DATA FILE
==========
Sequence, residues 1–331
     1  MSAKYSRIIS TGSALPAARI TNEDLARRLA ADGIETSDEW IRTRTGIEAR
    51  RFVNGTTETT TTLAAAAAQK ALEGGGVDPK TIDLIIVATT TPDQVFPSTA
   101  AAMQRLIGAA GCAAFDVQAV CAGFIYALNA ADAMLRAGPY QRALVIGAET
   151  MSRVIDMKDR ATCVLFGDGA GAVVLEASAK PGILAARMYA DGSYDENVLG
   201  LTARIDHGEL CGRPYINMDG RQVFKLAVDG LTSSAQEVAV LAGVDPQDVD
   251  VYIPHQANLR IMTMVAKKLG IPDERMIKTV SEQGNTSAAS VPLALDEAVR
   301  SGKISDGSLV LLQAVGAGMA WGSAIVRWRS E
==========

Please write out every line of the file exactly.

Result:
Sequence, residues 1–331
     1  MSAKYSRIIS TGSALPAARI TNEDLARRLA ADGIETSDEW IRTRTGIEAR
    51  RFVNGTTETT TTLAAAAAQK ALEGGGVDPK TIDLIIVATT TPDQVFPSTA
   101  AAMQRLIGAA GCAAFDVQAV CAGFIYALNA ADAMLRAGPY QRALVIGAET
   151  MSRVIDMKDR ATCVLFGDGA GAVVLEASAK PGILAARMYA DGSYDENVLG
   201  LTARIDHGEL CGRPYINMDG RQVFKLAVDG LTSSAQEVAV LAGVDPQDVD
   251  VYIPHQANLR IMTMVAKKLG IPDERMIKTV SEQGNTSAAS VPLALDEAVR
   301  SGKISDGSLV LLQAVGAGMA WGSAIVRWRS E